20. Abdominoplasty Improves Quality of Life, Psychological Distress, and Eating Disorder Symptoms: A Prospective Study

    Directory of Open Access Journals (Sweden)

    Kai M. M. Saariniemi

    2014-01-01

    Full Text Available Background. Only some studies provide sufficient data regarding the effects of nonpostbariatric (aesthetic abdominoplasty on various aspects of quality of life. Nevertheless, when considering the effects on eating habits, publications are lacking. Therefore we decided to assess the effects of nonpostbariatric abdominoplasty on eating disorder symptoms, psychological distress, and quality of life. Materials and Methods. 64 consecutive women underwent nonpostbariatric abdominoplasty. Three outcome measures were completed: the Eating Disorder Inventory (EDI, Raitasalo’s modification of the Beck Depression Inventory (RBDI, and the 15D general quality of life questionnaire. Results. The mean age at baseline was 42 years and the mean body mass index (BMI 26.4. Fifty-three (83% women completed all the outcome measures with a mean follow-up time of 5 months. A significant improvement from baseline to follow-up was noted in women’s overall quality of life, body satisfaction, effectiveness, sexual functioning, and self-esteem. The women were significantly less depressive and had significantly less drive for thinness as well as bulimia, and their overall risk of developing an eating disorder also decreased significantly. Conclusions. Abdominoplasty results in significantly improved quality of life, body satisfaction, effectiveness, sexual functioning, self-esteem, and mental health. The risk of developing an eating disorder is decreased significantly. This trial is registered with Clinicaltrials.gov NCT02151799.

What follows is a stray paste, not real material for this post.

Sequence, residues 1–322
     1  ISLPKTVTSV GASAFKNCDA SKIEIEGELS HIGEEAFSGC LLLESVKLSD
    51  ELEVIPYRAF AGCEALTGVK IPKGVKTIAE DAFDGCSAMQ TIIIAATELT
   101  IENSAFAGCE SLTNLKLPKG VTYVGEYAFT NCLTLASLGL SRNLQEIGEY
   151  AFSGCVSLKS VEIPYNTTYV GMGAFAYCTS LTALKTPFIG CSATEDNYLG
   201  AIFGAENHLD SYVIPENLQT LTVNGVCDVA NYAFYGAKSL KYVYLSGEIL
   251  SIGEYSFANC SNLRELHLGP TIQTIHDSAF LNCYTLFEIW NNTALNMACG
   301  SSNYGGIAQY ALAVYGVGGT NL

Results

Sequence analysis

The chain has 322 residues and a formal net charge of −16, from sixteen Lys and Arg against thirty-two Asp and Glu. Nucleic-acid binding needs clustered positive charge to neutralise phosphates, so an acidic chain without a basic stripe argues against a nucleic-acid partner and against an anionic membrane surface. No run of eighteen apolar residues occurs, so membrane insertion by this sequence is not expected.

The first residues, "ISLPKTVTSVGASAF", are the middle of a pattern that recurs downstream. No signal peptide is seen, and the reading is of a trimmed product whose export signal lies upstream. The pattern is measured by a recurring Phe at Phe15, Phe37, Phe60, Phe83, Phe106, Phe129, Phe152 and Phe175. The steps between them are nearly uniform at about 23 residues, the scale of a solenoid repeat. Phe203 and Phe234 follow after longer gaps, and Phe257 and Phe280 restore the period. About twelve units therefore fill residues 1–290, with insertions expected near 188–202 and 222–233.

1. Social psychological theories of disordered eating in college women: review and integration.

    Science.gov (United States)

    Fitzsimmons-Craft, Ellen E

    2011-11-01

    Because peer interaction, weight/shape, and self-concept formation are particularly salient to college women, the implications of social psychological theories may be especially far-reaching during the college years. College women may be particularly vulnerable to the effects of social comparison, objectification, and uses and gratifications theories, which describe social-cognitive mechanisms that provide an individual with information regarding her own view of her body and how she perceives that others perceive her body. The current paper will review and integrate findings related to these three theories of disordered eating in college women in an effort to present a more comprehensive understanding of the social psychological mechanisms that play a role in the development and maintenance of such pathology for this group of young women. Limitations of and future directions for research on these theories will be discussed, as will their potential integration with other factors that contribute to disordered eating and implications for treatment and prevention. Copyright © 2011 Elsevier Ltd. All rights reserved.